There are some quality issues here as well - the hair line is a little sloppy, and the eyes could have been improved - but these issues aren't the big problem.  The color is just to eye poppingly bad to notice much else.

Articulation - ***
Bela has neck, shoulders, elbows, hips, knees, and one bicep cut joint on the left arm.  It's better than I had expected, and it certainly works fine for this character.

The added cut joint on his bicep allows you to put him in the classic pose with his cape over that arm, held up to his face.  It comes up a little short, since the articulation doesn't allow the arm to be positioned perfectly, but you can get it in the general position.

The figure stands just fine on his own, and you won't have any trouble keeping him up on the shelf.

Accessories - ***1/2
There are six in total - the diorama with coffin and removable lid, a bag of stones to dump into the coffin (perhaps from Transylvania!), candlestick with candle, a rat, his cape, and a bat.

The rat and bat work fine, and there's an elastic string on the bat to allow him to hang from the arch.  The rat stands up nicely on his own, and can sit just about anywhere you're little heart desires.

The base is terrific.  The detail work on the coffin and archway is excellent, and the paint ops give a realism to it's appearance.  Throw in the bag of rocks, and Drac has himself a comfy little bed.  The lid fits on perfectly and comes off easily, and he fits inside (without the cape) just right.  It's also fairly source accurate, but not perfect in every detail.  Still, it looks great with or without him, and you might find some use for it with other undead figures.

The cape is made from a decent quality material, but not anything unusual for this price point.  It's hemmed, with an elastic band for the neck.  I have one major issue with it though, but for some this will be minor.  The interior of the cape is red, the wrong color.  This is a common mistake, but the correct color is gray.

The candlestick is the only disappointment in this category.  As I already mentioned, the sculpt is very basic and not source accurate, and the flame isn't painted properly.  It does fit well in his left hand though.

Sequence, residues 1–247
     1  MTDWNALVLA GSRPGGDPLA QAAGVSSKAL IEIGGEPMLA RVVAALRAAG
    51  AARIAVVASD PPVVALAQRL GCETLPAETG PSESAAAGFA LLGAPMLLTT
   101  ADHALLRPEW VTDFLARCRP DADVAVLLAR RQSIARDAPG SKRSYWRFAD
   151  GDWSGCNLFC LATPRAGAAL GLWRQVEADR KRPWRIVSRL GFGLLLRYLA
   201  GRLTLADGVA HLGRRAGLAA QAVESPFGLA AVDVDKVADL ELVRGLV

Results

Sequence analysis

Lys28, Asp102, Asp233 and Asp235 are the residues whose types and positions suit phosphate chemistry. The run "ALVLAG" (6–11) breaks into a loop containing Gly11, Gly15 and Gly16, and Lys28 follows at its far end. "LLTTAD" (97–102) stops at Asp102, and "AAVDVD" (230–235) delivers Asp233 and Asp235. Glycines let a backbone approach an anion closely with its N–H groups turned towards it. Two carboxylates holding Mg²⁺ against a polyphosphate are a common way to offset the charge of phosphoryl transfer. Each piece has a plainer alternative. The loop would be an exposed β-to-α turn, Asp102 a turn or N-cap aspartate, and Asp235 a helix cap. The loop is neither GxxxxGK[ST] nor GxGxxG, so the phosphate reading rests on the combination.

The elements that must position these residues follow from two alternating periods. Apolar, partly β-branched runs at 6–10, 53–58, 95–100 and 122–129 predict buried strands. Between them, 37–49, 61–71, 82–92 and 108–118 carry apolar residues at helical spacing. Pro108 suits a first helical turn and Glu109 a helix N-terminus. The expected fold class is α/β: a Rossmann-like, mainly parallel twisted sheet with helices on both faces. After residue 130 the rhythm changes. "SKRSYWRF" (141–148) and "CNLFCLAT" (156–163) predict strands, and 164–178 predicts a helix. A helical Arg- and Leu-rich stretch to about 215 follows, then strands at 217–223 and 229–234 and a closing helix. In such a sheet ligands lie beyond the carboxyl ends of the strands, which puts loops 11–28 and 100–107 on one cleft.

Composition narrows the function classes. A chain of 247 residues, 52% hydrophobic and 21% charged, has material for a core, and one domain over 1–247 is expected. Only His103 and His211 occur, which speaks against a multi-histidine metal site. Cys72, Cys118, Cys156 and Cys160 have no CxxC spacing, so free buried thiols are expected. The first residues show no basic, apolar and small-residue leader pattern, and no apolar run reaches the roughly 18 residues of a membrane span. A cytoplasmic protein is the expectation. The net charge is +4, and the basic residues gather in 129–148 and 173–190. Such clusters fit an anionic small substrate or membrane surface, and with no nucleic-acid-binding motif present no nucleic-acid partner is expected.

Value - *1/2
If the sculpt had been better and the paint ops dead on (pun intended), I wouldn't have complained very loudly about the $15 price point.  The diorama is cool, and this could have been such a great figure on the shelf.

But with those weaknesses, this figure really is only worth $10 tops.

Overall - **
The diorama base is the only saving grace here.  It looks great, and I really do think that adding in the bag of rocks (cheap as it might have cost) was a pretty creative idea.  Still, that can't overcome the fact that the figure itself looks like something from the mid 80's.

Had Jakk's put this figure out 15 years ago, it would have been truly impressive.  But now with the kind of work being done by Sideshow, Mcfarlane, Mezco and others, it simply can't compete.  Perhaps Jakk's was stepping outside their comfort zone, since they've been relying on the Real Scan process for some many years now.

Where to Buy - 
I picked this up at Toys R Us, so that's where I'd suggest trying first.  On the other hand, if you want a better looking if a bit larger version of the Lugosi Dracula, you can pick up Sideshow's for just $30 at their site.  And if you are a big Lugosi fan, head over to Sideshow and check out there Lugosi as Frankenstein for just $20, their Lugosi as Muder Legendre for $40, or their Lugosi as the Gypsy, also for just $20!


Figure from the collection of Michael Crawford.